In [1] an innovative solution for the problem was given based on a collection of linearizations of the pattern and text with the property to be currently described. Consider a linearization. Two elements with the same character, say “a,” in the pattern are defined to be neighbors if there is no other “a” between them in this linearization. Now take all the “a”s of the pattern and create a graph *G* _{ a } with “a”s as the nodes and edges between the two if they are neighbors in some linearization. We say that two “a”s are chained if there is a path from one to the other in *G* _{ a }. Applying one-dimensional parameterized matching on these linearizations ensures that any two elements that are chained will be evaluated to map to the same text value (the parameterized property). A collection of linearizations has the *fully chained* property if every two locations in *p* with the same character are chained. It was shown in [1] that one can obtain a collection of log *m* linearizations that is fully chained and that does not exceed pattern boundary limits. Each such linearization is solved with a convolution-based pattern-matching algorithm. This takes *O*(*n* ^{2}log *m*) time for each linearization, where the text size is *n* ^{2}. Hence, overall the time is \(O(n^{2}\log ^{2}m)\).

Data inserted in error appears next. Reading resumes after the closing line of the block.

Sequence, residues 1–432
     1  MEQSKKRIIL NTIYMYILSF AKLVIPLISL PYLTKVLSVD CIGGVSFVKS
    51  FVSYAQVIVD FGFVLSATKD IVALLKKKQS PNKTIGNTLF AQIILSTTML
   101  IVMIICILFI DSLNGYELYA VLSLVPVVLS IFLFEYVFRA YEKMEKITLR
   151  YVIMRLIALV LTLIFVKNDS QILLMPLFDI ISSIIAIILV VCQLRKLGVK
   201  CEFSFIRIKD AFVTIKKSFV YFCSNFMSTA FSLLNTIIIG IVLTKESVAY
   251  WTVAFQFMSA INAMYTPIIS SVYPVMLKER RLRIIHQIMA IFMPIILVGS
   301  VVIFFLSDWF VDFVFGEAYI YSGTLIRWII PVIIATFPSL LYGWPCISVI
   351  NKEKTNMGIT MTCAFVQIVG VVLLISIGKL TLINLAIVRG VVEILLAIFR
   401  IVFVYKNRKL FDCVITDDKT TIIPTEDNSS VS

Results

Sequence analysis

A different solution was proposed in [13], where it was shown that it is possible to solve the problem in \(O(n^{2} + m^{2.5}\mathrm{polylog}\ m)\), where the text size is *O*(*n* ^{2}) and the pattern size is *O*(*m* ^{2}). Clearly, this is more efficient for large texts.

### Approximate Parameterized Matching

Our last topic relates to parameterized matching in the presence of errors. Errors occur in various applications and it is natural to consider parameterized matching with the Hamming distance metric or the edit distance metric.

In [8] the parameterized matching problem was considered in conjunction with the edit distance. Here the definition of edit distance was slightly modified so that the edit operations are defined to be insertion, deletion, and parameterized replacements, i.e., the replacement of a substring with a string that p-matches it. An algorithm for finding the “parameterized edit distance” of two strings was devised whose efficiency is close to the efficiency of the algorithms for computing the classical edit distance.

However, it turns out that the operation of parameterized replacement relaxes the problem to an easier problem. The reason that the problem becomes easier is that two substrings that participate in two parameterized replacements are independent of each other (in the parameterized sense).